nothumbrian • 18th February 2014 •

What would you suggest then to make things fair? That the buyer has to submit a police report and pass this report number onto ebay before the refund is made?

Gary • 18th February 2014 •

possibly ! its a complicated problem that needs thoughtand legislation ,or ebay and online sellers are wide open to fraud, tracked, signed for , security seals etc are all for nought if all that needs to be said is EMPTY, and another thought I just wonder what ebay would say if we claimed the next return from a buyer was empty? , I dare bet we would still have to refund

northumbrian • 18th February 2014 •

all any buyer needs to do, for any item, is say the box is empty, whether it is or not. eBay will give them all the money back without even asking if they might be mistaken. whether you have tracking info, images, weights and measures, whether you actually filmed yourself taking the item and handing it to them in person and show the video to eBay, eBay will still take your money and give it to anyone capable of typing the lie "i received an empty box". no questions asked, no appeal given (okay you can press the appeal button, it wont do any good). how is this a fair policy? also for any tea-leafs reading, eBay wont insist you send back anything with any measure of broken glass. i know from experience all you have to do is take an image of a 1mm wide piece of broken glass (dont worry about it being from the same item you ordered, they dont care or even ask), tell them you're not posting the item back, and they'll let you keep the item and give you all your money. think how many plasma TV's you could pick up before anyone noticed!

james • 19th February 2014 •

Just had a scam done where the buyer made out "item not as received" no probs..just send back for in the 14 days of receving for a full refund..where she had bought 2 said all the boxes were I thought strange as I had put them inside a bigger box so they didnt get squashed in transit..however you have to give the benefit of the doubt...I received them back and signed for them for her to put no hairpieces in but the 2 empty boxes...she ignored my messages in the resolution i took it on myself to message parcel2go who comfirmed my weight of the bigger box and the 2 empty boxes....she then escalated it to a claim today ignoring the fact i said she had sent back empty boxes...I then forwarded all evidence of the weight on my scales with the empty boxes as well as the screen shot conversation with parcels2go to confirm the weight i had....i also got in touch with action fraud online and got myself a CRN....ebay made a decision which went in favour of the buyer despite all my evidence...i have constantl;y been on the phone to them regarding all of this to back my claims i appealed it and rang them to make an instant decision as not prepared to wait..within 5 mins i got a refund from eBay and the appealed turned...however she has 2 hairpieces and a full refund...think something needs to be done if you have sufficient evidence to support the case.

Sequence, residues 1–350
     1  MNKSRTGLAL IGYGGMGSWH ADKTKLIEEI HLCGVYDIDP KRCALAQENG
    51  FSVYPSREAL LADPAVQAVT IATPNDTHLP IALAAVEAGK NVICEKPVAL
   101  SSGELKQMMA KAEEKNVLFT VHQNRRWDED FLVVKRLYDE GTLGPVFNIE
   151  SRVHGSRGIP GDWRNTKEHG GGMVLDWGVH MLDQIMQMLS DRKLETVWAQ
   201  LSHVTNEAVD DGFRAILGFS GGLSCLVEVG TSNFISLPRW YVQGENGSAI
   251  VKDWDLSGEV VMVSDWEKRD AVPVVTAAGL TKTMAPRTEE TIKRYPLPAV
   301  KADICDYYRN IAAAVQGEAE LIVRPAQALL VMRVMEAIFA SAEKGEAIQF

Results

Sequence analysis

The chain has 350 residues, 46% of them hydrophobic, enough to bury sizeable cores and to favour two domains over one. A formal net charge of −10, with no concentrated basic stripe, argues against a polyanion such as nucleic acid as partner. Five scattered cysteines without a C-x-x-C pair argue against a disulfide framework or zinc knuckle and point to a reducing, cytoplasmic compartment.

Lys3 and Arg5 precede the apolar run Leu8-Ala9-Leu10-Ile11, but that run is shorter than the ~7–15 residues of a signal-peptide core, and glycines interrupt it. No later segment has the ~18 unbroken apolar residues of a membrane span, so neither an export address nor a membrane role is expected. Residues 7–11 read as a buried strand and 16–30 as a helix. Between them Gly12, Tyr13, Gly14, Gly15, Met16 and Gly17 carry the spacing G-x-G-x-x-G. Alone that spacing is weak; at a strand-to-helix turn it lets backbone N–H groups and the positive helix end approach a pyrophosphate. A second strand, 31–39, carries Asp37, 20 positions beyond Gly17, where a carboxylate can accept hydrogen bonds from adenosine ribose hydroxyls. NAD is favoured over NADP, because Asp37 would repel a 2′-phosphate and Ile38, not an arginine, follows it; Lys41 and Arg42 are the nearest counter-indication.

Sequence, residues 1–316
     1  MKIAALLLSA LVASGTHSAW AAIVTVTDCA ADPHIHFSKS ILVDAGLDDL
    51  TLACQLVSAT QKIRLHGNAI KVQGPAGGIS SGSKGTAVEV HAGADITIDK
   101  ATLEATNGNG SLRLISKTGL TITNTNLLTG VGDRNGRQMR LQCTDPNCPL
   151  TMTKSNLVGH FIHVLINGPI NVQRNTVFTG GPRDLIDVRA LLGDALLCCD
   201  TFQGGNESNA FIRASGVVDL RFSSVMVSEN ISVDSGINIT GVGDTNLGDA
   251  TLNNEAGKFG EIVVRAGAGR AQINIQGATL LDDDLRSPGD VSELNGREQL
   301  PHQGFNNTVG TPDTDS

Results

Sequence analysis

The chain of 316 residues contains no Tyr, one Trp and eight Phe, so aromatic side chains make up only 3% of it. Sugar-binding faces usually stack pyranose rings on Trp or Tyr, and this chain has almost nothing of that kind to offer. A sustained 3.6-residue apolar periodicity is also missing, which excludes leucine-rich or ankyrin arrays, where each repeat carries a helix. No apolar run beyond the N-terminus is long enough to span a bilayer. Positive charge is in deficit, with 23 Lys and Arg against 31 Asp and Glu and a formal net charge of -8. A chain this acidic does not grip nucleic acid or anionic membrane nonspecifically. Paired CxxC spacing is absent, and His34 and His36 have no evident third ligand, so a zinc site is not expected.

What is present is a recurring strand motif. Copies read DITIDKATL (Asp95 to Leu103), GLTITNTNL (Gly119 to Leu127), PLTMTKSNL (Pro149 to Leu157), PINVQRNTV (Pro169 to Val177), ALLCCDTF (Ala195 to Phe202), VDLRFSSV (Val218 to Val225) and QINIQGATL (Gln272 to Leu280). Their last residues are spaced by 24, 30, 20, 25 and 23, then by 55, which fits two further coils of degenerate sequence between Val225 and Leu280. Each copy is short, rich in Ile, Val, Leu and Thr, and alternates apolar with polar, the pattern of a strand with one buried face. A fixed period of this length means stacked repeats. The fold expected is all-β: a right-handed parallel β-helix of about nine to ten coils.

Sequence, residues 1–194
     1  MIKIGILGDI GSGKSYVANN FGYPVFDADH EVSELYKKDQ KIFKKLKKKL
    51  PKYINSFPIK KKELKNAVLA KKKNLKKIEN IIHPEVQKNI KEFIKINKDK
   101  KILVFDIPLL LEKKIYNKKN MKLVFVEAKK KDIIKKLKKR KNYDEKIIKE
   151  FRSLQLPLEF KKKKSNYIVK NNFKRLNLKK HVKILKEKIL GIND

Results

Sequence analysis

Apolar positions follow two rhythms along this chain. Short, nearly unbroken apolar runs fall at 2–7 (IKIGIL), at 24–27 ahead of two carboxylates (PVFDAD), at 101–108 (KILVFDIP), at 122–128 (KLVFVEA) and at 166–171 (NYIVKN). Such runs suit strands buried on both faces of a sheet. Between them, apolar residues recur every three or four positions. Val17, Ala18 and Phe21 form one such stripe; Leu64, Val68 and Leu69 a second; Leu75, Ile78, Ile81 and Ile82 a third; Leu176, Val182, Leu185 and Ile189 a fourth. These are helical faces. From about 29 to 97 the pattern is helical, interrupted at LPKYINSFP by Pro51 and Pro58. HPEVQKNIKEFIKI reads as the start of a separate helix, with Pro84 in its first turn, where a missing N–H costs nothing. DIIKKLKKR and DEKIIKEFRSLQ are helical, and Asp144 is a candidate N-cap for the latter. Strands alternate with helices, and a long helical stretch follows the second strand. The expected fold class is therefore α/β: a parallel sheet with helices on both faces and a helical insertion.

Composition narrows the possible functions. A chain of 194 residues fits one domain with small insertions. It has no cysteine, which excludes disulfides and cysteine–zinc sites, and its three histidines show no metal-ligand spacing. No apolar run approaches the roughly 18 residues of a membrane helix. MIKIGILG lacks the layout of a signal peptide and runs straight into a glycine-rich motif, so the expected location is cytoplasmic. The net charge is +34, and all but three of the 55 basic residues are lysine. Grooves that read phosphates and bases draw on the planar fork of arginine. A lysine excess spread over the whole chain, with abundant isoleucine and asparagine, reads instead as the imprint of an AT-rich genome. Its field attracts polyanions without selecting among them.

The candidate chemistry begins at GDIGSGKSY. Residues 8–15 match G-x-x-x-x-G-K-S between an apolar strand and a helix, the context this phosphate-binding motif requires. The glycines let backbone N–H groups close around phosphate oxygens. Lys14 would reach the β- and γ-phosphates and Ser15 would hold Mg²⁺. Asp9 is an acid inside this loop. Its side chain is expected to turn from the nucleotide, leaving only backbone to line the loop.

sue fell • 21st February 2014 •

I couldnt agree more Sue, Ebay keeps banging on about the site being a fair place to trade for both Buyers and Sellers so COME ON EBAY make it fair! If you happily believe a buyer when they claim "empty box" then you surely also have to believe sellers when they claim the same for returned items.....or are you saying sellers are liars but but buyers are not?!!!

janet • 21st February 2014 •

ebay will do something when it hits their bottom line, until then its suck it and see for the plebs

northumbrian • 21st February 2014 •

i have just sold something on amazon and it clearly states "Please remember that you are responsible for the item until it reaches the buyer at the address provided in your seller account.". i presume other online selling formats to be the same, under consumer law.

dan • 22nd February 2014 •

I have had this happen to me too. No dice from ebay, and what's more would not remove the numerous negs associated with the case. It truly soured how I felt about ebay and have since started to branch out in to other directions. Customer services also left me feeling so small.

Rich • 4th March 2014 •

on two occasions i have had the same sort of thing happen to me sold a phone in one instance the buyer said it was very used not as per description i provided paypal the ID number of the phone and i asked the seller to send paypal the picture of that number i did explain i can find out where the phone was registered last from the number the buyer dropped the case. on both occasions with phones we got paid and yet a set of handle was ordered £27.50 3 weeks later buyer said someone used his card, paypal case opened i had a signed deliver the address as registered in ebay the signature looked as it was the buyers name and yet i lost my money. we have had hundreds of cases over the years in ebay we have never had a ruling in our favour we sell about 400 items per week and now i am looking at our own website as it seems ebay is making easier for people to rip the sellers of not all cases are fraudulent but you soon get a feel for those who may be don't sell DVDs is my advice as folk rip or watch them and return them or say they arrived broke happened so many times that i refuse to sell DVDs

andrew g • 14th March 2014 •